• import { MessageGateway } from "./gateways/message.gateway";
  • import { LocalStorageMessageGateway } from "./gateways/local-storage-message.gateway";
  •  
  • @NgModule({
  • bootstrap: [
  • AppComponent
  • ],
  • imports: [
  • BrowserModule,
  • FormsModule
  • ],
  • declarations: [
  • AppComponent
  • ],
  • providers: [
  • getGatewayImplementation() // Pick one of 3 implementations.
  • ]
  • })
  • export class AppModule {
  • // ...
  • }
  •  
  • // ----------------------------------------------------------------------------------- //
  • // ----------------------------------------------------------------------------------- //
  •  
  • // I return the MessageGateway provider based on the LOCATION state.
  • // --
  • // NOTE: I had originally set this up to return just the useClass value. However, when
  • // I did that, TypeScript kept complaining that I was missing a useFactory property in
  • // my Provider. As such, I just moved the entire Provider configuration here.
  • function getGatewayImplementation() : Provider {
  •  
  • switch ( window.location.search ) {
  • case "?localstorage":
  • return({
  • provide: MessageGateway,
  • useClass: LocalStorageMessageGateway
  • });
  • break;
  • case "?firebase":
  • return({
  • provide: MessageGateway,
  • useClass: FirebaseMessageGateway
  • });
  • break;
  • default:
  • return({
  • provide: MessageGateway,
  • useClass: InMemoryMessageGateway
  • });
  • break;
  • }
  •  
  • // NOTE: I need to use {"allowUnreachableCode": true} tsconfig setting so that the
  • // compiler doesn't complain about unreachable code here.
  •  
  • }

Depending on what's in the URL at Angular bootstrap time, the App component will receive one of the following instances when it asks for the "MessageGateway":

  • InMemoryMessageGateway
  • LocalStorageMessageGateway
  • FirebaseMessageGateway

Each of these classes extends the abstract MessageGateway class which means that each has to conform to the realtime API required by the abstract class. First, let's look at the InMemoryMessageGateway class which stores all messages in the application memory space:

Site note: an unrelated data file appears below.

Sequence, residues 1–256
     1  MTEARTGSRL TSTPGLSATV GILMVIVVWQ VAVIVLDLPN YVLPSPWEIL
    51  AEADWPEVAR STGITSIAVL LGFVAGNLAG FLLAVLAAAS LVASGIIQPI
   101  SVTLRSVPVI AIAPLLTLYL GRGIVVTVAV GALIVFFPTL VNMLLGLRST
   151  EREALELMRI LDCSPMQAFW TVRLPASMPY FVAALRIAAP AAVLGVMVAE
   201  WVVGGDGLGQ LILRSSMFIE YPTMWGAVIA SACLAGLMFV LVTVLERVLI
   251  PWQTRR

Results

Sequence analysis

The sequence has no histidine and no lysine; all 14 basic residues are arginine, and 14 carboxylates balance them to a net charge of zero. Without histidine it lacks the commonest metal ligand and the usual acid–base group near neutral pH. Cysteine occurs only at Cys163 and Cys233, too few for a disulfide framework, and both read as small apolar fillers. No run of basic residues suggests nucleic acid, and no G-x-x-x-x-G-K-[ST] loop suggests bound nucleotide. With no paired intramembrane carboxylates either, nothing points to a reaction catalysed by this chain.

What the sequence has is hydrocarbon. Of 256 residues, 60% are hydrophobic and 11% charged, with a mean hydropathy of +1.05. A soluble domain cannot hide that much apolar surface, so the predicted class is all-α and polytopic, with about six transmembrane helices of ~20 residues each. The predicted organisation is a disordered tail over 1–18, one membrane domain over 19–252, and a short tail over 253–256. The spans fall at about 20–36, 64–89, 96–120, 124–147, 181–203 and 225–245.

CAUTION: I am a relative novice when it comes to RxJS; so, view my particular use of RxJS streams as exploratory and not necessarily as "best practice".

  • // Import the core angular services.
  • import { BehaviorSubject } from "rxjs/BehaviorSubject";
  • import { Observable } from "rxjs/Observable";
  •  
  • // Import the application components and services.
  • import { Message } from "./message.gateway";
  • import { MessageGateway } from "./message.gateway";
  •  
  • interface MessageDTO {
  • id: string;
  • text: string;
  • createdAt: number;
  • }
  •  
  • export class InMemoryMessageGateway extends MessageGateway {
  •  
  • private messages: MessageDTO[];
  • private subject: BehaviorSubject<Message[]>;
  • private uid: number;
  •  
  •  
  • // I initialize the in-memory message gateway implementation.
  • constructor() {
  •  
  • super();
  •  
  • this.messages = [];
  • // In this implementation, we're going to use a BehaviorSubject rather than
  • // a normal Subject so that we can replay the last value when the user first
  • // subscribes to the observable stream. This way, the subscription itself will
  • // act as the first read / load of data.
  • this.subject = new BehaviorSubject( [] );
  • this.uid = 0;
  •  
  • }
  •  
  • // ---
  • // PUBLIC METHODS.
  • // ---
  •  
  • // I add a new message to the collection. Returns a Promise with the new ID.
  • public createMessage( message: Message ) : Promise<string> {
  •  
  • var dto = {
  • id: this.newID(),
  • text: message.text,
  • createdAt: message.createdAt.getTime()
  • };
  •  
  • this.messages.push( dto );
  •  
  • this.emitMessages();
  •  
  • return( Promise.resolve( dto.id ) );
  •  
  • }
  •  
  •  
  • // I delete the message with the given ID. Returns a Promise.
  • public deleteMessage( id: string ) : Promise<void> {
  •  
  • this.messages = this.messages.filter(
  • ( message: MessageDTO ) : boolean => {
  •  
  • return( message.id !== id );
  •  
  • }
  • );
  •  
  • this.emitMessages();
  •  
  • return( Promise.resolve() );
  •  
  • }
  •  
  •  
  • // I read the messages collection. Returns a Promise.
  • public readMessages() : Promise<Message[]> {
  •  
  • var messages = this.messages.map(
  • ( message: MessageDTO ) : Message => {
  •  
  • return({
  • id: message.id,
  • text: message.text,
  • createdAt: new Date( message.createdAt )
  • });
  •  
  • }
  • );
  •  
  • return( Promise.resolve( messages ) );
  •  
  • }
  •  
  •  
  • // I read the messages collection as a stream. Returns an Observable stream.
  • public readMessagesAsStream() : Observable<Message[]> {
  •  
  • // Push messages into the BehaviorSubject. This will ensure that the Subject has